Parents often struggle on a daily basis to get their kids to do the most basic tasks. Requests to get dressed, brush teeth, put away toys, and of course go to bed can result in ignoring, defying, or arguing behavior from our children. We find ourselves nagging, pleading, bribing, yelling, and threatening several times a day with very poor results. Often we end up doing things for our children out of desperation, the need to be on time, or simply to end an argument. Then the next day it seems this negative cycle begins all over again!
It is possible to have much more cooperation from your children than you might think possible. It often requires shifting to an attitude of empowering your children to be capable and competent, so that they develop habits of self-discipline and self-care. If you are disciplined about allowing your children to be responsible for any task they are capable of completing you will avoid the helpless or uncooperative child who balks at your requests. Here are some tips to move you along in this process:
- Create morning and evening routines that never vary, as well as routines for other times in the day that are challenging. Once these routines are entrenched then you can occasionally make exceptions without paying too high a price.
- Identify what will motivate your child to complete their routine — e.g. stories at bedtime, a card game before school, time to build Legos, etc. Take photos of your child completing each task on their list, and have her help you print them and create a poster. Make sure the last photo is her playing or getting attention from you.
- If your child becomes distracted or is unwilling to cooperate, ask him what his poster says he should be doing, but refrain from telling him what to do.
- Allow your child to experience the logical consequences that occur when he does not do what he needs to accomplish and avoid rescuing him, even if he is having a tantrum. Perhaps he misses breakfast because he didn’t get dressed in time. Or maybe he loses access to his toys for a week because they weren’t cleaned up. We want to express disappointment, but not anger, that he didn’t get his play time. Encourage your child and communicate that tomorrow will go better, that he will remember to do what he needs to do, that you have confidence in him.For older kids, loss of screen time is certainly a reasonable consequence for lack of responsibility, as we want our children to develop the understanding that they earn privileges for contributing to the well-being of the family.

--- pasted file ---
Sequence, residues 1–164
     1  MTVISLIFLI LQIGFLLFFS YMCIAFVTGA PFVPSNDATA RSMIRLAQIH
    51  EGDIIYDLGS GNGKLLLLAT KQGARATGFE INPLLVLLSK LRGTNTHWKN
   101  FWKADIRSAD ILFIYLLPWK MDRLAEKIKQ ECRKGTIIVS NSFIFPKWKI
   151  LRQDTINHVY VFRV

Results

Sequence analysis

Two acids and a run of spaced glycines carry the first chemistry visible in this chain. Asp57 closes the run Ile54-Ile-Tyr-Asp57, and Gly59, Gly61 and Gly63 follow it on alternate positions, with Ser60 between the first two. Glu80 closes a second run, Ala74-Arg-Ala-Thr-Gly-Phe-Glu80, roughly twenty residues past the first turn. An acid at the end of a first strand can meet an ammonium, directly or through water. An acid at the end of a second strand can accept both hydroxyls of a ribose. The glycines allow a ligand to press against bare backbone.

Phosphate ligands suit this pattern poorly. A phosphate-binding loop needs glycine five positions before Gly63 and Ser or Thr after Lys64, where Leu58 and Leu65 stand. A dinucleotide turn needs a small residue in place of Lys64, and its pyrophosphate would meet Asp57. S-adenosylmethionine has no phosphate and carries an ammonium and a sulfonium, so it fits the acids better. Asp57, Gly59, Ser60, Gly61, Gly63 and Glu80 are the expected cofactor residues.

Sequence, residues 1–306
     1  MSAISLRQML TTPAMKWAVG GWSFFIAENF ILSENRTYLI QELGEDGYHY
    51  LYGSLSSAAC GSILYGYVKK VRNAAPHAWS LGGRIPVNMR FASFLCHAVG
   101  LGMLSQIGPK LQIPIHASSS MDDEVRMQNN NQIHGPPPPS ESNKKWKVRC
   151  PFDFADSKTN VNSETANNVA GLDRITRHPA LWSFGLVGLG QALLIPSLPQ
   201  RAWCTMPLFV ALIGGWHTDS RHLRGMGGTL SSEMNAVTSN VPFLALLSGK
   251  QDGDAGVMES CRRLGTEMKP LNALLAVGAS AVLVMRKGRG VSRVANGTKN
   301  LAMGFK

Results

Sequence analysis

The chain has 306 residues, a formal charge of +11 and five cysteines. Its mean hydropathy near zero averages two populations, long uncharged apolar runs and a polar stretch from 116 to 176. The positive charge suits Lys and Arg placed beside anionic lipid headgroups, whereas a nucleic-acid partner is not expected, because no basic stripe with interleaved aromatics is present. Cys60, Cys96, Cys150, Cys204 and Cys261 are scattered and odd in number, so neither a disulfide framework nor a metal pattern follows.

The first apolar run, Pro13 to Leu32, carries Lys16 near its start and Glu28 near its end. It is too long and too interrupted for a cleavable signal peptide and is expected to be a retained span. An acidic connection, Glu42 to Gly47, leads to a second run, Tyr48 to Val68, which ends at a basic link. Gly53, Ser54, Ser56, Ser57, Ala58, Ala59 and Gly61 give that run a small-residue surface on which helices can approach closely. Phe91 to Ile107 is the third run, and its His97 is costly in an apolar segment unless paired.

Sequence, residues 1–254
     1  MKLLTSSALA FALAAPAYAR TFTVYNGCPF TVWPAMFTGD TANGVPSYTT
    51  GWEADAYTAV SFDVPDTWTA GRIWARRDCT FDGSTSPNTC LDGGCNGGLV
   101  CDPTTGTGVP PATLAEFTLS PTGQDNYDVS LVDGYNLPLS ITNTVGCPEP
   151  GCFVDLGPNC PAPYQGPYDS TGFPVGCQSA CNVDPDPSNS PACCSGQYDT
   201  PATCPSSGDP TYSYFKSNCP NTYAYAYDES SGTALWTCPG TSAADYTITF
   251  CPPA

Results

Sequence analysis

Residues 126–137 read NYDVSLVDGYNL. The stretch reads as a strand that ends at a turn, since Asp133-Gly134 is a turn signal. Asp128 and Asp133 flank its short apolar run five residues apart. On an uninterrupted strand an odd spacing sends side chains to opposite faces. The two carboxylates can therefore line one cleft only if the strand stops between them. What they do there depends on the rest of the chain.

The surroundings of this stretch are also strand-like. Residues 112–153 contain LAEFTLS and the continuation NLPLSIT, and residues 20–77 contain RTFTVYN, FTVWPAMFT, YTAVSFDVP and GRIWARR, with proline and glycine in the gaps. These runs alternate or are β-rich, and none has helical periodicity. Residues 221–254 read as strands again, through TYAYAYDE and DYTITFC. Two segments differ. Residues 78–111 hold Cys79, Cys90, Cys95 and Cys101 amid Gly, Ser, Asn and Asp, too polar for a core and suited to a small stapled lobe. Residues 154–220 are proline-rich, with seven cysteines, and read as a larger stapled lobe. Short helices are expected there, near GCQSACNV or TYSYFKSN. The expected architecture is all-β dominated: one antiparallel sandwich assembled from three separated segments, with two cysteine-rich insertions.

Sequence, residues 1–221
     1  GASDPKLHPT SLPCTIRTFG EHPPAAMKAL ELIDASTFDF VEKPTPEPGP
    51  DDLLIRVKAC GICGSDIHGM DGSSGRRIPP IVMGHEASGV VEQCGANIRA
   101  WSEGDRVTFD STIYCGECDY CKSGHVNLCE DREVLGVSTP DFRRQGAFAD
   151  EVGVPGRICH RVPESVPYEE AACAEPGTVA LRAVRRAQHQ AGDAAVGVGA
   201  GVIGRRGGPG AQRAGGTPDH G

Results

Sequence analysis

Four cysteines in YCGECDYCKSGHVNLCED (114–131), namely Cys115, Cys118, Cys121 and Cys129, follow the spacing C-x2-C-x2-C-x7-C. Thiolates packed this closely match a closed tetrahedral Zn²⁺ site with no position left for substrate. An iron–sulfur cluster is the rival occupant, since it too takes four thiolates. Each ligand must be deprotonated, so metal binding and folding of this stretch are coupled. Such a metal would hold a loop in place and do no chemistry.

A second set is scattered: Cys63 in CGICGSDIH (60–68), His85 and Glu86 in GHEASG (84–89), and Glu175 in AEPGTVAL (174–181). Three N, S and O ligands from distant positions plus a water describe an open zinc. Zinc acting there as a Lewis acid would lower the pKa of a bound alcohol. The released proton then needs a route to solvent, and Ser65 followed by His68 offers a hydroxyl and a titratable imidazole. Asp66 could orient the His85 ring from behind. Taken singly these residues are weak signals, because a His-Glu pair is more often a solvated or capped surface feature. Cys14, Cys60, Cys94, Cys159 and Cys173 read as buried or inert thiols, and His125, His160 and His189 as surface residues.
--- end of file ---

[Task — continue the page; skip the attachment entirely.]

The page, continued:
- Use a timer to help your child with transitions, and to keep you out of the role of the reminder. Use the timer in positive ways as well, such as to let them know when you will be free to play with them or do a project together.
- Every day be sure to ask your child to help you with your grown up routines, e.g. cooking, laundry, care of younger siblings, gardening, grocery shopping. Children thrive when they are making a tangible contribution to the family at the same time they are learning invaluable life skills. Help them feel that you can’t manage without their help.
So often our frustration with our children comes from our repeatedly giving instructions. Create a rule for yourself that you will ask ONCE, and then act with firmness, not anger. All parents fall into the habit of making a request two, three, even four times, then losing patience, yelling and forcing the child to comply. This teaches children that they don’t need to listen until mom or dad are yelling, and creates a negative communication pattern in the family.
These strategies take time, practice, and self-discipline to become effective — but it is well worth the effort. You will find that your children become increasingly responsible, independent, and competent —and feel really good about themselves as productive members of the family.
Karen Friedland-Brown, MA, is the Director of Parents Place on the Peninsula.